Musing Mondays: Discussions

It’s time again for Musing Mondays, hosted by Should Be Reading.

This week’s random subject for conversation is this question:

Do you enjoy debating / discussing the books that others are currently reading? Why, or why not?

As with a lot of things, it depends on the book. I’ve been involved with several book discussion groups and have found that some books, while very enjoyable to read, don’t necessarily lend themselves to an in-depth conversation.

One example I can think (that is done by a LOT of sci-fi/fantasy discussion groups when they first begin) is Douglas Adams’ The Hitchhiker’s Guide to the Galaxy. Don’t get me wrong here — the book is wonderfully witty, well observed and out and out funny. But I’m not sure it lends itself to discussion beyond looking at “well, what was your favorite funny part?”

(I suppose if you were willing to look deeper at it and look at the various versions of the story that Adams wrote over his lifetime (the radio series, the novels, the TV show, the movie), you could get some more out of it. But I’m not sure if this might be homework above and beyond reading the book.)

Now, if a book is one that lends itself well to discussion or as a good jumping off point for a conversation, then I’m all for it.  I always enjoy getting other people’s perspective on a book (well, beyond “I hated it” or “I loved it”).  I’ve found some fascinating conversations started up when readers don’t necessarily agree on the relative merit of the book and can come to the table with points for each side.   I will admit I’ve found some fascinating conversations when I’ve not loved a book and someone else has — to see what the other person liked it so much or what about it appealed to them.

This isn’t necessarily limited to just a single book, but can be for an genres of books.  For example, I’m not generally a big fan of romance novels, but I am fascinated to find reviews through various social media sites and see what other readers enjoy as much as they do about them.   And I’m the same way — I have my favorites that I just enjoy and I try to share what about the book or genre I enjoyed in my review.  It may not convince you to read the book or try the genre, but hopefully you will see why the book “pushed all the right buttons” for me.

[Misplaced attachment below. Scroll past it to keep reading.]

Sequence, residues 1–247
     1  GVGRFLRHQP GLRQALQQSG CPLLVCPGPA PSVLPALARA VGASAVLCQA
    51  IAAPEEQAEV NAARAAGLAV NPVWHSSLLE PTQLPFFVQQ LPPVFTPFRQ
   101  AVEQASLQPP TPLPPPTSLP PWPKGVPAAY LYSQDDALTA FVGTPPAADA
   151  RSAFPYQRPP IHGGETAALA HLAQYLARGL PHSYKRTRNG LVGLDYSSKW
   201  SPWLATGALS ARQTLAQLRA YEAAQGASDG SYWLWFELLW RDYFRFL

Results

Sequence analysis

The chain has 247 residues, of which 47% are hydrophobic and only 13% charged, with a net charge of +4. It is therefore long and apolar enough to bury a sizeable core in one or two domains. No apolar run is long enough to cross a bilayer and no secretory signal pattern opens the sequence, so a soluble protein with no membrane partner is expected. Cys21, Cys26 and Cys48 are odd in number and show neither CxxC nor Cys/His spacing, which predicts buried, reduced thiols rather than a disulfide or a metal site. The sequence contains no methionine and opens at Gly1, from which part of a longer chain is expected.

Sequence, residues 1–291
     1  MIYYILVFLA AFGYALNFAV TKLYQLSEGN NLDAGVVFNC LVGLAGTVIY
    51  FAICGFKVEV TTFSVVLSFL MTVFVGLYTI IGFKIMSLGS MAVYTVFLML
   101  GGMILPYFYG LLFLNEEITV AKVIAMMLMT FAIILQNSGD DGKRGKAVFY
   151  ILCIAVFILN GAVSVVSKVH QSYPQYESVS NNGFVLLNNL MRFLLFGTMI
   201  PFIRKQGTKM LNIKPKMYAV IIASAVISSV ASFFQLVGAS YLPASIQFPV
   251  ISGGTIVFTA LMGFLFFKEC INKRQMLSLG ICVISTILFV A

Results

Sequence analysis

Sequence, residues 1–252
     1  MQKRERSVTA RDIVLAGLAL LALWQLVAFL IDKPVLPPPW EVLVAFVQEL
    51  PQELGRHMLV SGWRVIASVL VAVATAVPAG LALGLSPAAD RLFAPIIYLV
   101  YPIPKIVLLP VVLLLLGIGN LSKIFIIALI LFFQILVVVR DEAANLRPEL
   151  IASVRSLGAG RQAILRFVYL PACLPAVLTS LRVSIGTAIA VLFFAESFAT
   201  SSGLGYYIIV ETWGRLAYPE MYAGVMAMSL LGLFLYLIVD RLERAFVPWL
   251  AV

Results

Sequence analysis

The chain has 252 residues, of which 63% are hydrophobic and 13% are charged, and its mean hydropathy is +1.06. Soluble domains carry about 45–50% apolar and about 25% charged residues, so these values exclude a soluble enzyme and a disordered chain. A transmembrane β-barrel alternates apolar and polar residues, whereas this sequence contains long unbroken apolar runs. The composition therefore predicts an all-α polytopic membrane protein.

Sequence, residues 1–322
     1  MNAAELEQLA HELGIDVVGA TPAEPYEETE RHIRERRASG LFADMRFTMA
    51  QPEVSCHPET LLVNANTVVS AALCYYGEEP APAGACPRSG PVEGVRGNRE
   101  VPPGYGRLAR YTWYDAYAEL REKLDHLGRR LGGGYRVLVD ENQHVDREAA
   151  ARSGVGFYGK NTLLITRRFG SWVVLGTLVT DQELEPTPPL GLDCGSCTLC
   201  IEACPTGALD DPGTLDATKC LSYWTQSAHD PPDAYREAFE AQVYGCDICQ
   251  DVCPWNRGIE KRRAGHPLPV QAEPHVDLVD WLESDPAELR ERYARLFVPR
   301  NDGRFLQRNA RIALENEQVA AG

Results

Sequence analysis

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4 Comments

Filed under meme, Musing Mondays

4 responses to “Musing Mondays: Discussions

  1. You’re right, some books don’t have anything to lend for discussions, sometimes we or I only focus on the climax or that funny part of the story, which makes me forget the rest. I got your point there, I’ve seen that in other books, although i must admit, I haven’t read the Hitchhiker’s Guide yet 🙂 Thanks for this wonderful post 🙂

  2. I agree with some of the points you made.

  3. I totally agree. I like to rave about books as much as the next person but, to have a really in depth conversation, there needs to be something else there. An underlying message, something problematic, something that links back to a current social issue, a different writing style, etc.

    The book club that I am a part of reads various sci-fi and fantasy romance novels. I can’t tell you how many interesting discussion have come up on race, consent, GLBT issues, etc. just from reading a romance novel. I’m not a big fan of romance novels in general but I’ve found some great ones through the reviews of my club members. I’m sure I wouldn’t have read them otherwise.

  4. Absolutely true about the interest a difference in opinion creates. It is always interesting to know why someone hated or loved the book when you felt the exact opposite. And there are even few times when i realised that they had valid points and i missed a different perspective that also made sense. 🙂 And i agree that some books are just fun to read and there will be nothing to talk about or discuss. I just never gave it a serious thought if it was a problem with the book or me for not being able to discuss it. 🙂
    One nice post this is and you brought up some really nice points. Thanks.

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